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Matt McCarty: Substitution, Stelae, and Semiotics: Materializing Sacrifice in Roman Africa
February 16, 2021 @ 12:15 pm - 1:30 pm
The Department of Classical and Ancient Near Eastern Studies
Spring 2021 Lecture Series
New Approaches to the Ancient Mediterranean World
Meeting ID: 972 5870 9302
February 16: Matt McCarty (University of British Columbia)
“Substitution, Stelae, and Semiotics: Materializing Sacrifice in Roman Africa”
Abstract: Since their discovery, a group of 3rd century CE votive stelae from N’Gaous (Algeria) has played an outsize role in interpreting rites related to child sacrifice in Punic and Roman Africa. The five stelae (plus a sixth discovered more recently) all record, in Latin, details about a sacrifice to Saturn referred to as a morchomor (with variant spellings), describing how a lamb was offered in a sacrifice as a substitution. Morchomor was quickly recognized as being a transliterated Punic loan-word, mlk ’mr, and the expanded texts taken as glosses of the term that have been central to three academic fields: in biblical studies, recognizing Hebrew mlk as a rite (rather than the god Moloch); in Punic studies, deciphering a system of child sacrifice and lamb-substitution; and in Classical studies, identifying a paradigmatic substitution rite that took place in nearly a hundred sanctuaries in Roman Africa.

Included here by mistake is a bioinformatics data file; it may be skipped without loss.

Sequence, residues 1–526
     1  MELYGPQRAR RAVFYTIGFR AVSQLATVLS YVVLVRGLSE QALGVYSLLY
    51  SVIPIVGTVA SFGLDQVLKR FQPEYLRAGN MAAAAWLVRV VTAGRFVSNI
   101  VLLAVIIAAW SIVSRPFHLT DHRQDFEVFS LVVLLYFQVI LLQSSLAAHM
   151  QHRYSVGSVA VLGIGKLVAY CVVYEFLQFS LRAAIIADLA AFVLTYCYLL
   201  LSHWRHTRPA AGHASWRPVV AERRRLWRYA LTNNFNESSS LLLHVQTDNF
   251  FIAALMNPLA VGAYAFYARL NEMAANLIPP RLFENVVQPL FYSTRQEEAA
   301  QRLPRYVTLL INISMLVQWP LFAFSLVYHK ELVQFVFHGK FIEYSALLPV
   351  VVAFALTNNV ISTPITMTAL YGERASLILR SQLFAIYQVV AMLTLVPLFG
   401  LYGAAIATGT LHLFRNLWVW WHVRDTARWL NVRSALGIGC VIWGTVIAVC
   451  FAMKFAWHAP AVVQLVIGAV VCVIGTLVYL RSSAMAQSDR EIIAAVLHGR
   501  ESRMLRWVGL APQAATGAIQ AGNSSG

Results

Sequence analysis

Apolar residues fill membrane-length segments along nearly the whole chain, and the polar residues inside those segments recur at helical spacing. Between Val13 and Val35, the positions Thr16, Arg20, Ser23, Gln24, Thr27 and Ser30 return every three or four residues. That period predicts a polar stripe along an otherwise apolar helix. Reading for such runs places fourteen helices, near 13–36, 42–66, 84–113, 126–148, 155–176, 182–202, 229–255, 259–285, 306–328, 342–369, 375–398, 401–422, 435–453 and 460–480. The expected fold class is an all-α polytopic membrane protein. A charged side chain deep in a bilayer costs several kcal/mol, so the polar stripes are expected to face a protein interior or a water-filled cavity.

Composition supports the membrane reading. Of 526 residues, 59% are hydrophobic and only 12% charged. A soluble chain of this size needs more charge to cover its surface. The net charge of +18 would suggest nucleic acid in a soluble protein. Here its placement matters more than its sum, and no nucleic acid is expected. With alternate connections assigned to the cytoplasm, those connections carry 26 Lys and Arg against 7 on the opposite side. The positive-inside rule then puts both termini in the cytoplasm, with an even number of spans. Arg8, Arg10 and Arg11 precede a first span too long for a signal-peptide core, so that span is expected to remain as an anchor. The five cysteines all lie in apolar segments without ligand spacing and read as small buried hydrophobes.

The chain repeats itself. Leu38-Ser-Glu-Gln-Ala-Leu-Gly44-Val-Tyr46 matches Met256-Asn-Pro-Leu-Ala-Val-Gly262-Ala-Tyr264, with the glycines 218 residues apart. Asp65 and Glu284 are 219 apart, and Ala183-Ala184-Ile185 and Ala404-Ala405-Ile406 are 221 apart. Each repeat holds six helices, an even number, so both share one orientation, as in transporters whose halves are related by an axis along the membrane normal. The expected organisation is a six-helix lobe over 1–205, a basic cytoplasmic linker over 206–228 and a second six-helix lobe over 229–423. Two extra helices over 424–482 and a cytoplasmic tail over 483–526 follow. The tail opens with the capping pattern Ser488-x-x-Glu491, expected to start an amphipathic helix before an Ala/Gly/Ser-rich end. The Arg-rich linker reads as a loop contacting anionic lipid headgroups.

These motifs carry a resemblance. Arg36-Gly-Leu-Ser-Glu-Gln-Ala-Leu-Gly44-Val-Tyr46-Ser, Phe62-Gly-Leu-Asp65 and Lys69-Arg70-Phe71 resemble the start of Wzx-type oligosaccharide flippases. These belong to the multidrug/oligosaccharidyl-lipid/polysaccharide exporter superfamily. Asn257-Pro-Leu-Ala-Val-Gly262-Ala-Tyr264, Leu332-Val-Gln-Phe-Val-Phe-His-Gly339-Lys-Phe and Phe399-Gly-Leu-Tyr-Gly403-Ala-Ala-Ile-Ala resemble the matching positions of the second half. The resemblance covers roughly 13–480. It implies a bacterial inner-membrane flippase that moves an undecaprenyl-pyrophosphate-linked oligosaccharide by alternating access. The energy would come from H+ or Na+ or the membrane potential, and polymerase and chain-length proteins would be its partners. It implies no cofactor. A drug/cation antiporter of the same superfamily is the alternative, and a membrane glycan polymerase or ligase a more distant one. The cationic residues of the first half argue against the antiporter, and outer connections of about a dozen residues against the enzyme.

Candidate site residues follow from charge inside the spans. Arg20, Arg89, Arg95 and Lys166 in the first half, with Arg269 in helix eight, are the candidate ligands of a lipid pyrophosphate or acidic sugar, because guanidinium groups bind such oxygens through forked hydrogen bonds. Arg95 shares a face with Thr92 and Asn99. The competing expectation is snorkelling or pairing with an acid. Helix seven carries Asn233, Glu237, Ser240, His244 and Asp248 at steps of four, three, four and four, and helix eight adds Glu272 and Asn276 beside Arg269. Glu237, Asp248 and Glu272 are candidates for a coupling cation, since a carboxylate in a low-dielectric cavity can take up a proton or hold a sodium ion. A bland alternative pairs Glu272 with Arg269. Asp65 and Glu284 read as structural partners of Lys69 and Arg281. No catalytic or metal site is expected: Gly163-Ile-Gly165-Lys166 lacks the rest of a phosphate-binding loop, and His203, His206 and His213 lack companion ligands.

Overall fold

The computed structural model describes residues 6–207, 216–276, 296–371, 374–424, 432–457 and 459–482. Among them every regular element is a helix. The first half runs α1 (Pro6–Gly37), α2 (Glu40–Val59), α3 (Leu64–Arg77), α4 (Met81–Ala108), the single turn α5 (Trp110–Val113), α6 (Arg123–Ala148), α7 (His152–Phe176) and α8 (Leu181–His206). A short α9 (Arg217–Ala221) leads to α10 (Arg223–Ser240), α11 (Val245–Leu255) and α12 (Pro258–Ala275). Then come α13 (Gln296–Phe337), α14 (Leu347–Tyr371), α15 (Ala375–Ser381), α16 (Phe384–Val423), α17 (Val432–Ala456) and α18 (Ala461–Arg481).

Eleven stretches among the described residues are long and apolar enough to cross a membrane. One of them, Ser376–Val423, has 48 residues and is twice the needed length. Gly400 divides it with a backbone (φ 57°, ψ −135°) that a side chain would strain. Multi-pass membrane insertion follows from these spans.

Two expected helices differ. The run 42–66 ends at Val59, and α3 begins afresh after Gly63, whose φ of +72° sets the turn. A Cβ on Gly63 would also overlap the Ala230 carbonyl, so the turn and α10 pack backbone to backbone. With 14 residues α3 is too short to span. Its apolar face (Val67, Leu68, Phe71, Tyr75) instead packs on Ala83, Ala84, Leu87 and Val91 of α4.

This paper challenges the French colonial semiotic model underlying these prevalent interpretations by re-situating the N’Gaous stelae not as documentary texts written to gloss ancient terms, but as ritual objects with religious agency. Drawing on anthropological work by Stanley Tambiah and Robert Yelle, I interpret the stelae not as documentary, but as performative: the materialized texts and their interplay with the images above work not to explain a logic of substitution, but rather as technologies to enact that substitution. Ultimately, re-focusing attention on semiotic cultures and the frameworks of meaning-making helps to dismantle longstanding views of Punic religious “continuity” or a monolithic Saturn-cult in North Africa.
March 2: Dan-el Padilla Peralta (Princeton)
“Pharmapolitics and the early Roman Expansion: Gender, Slavery, and Ecology in 331 BCE”
March 16: Melissa Mueller (University of Massachusetts)
“Aphrodite’s Shame: Homer, Sappho, and Eve Sedgwick”
March 30: Francesca Martelli (UCLA)
“Cicero, Atticus, and the spectral life of friends (Cicero, ad Atticum 1)”
April 13: Caryn Tamber Rosenau (University of Houston)
“Woman in Drag: Queer Approaches to the Book of Judith”
April 27: Katharine Earnshaw (University of Exeter)
“The Ethics and Temporalities of Rust”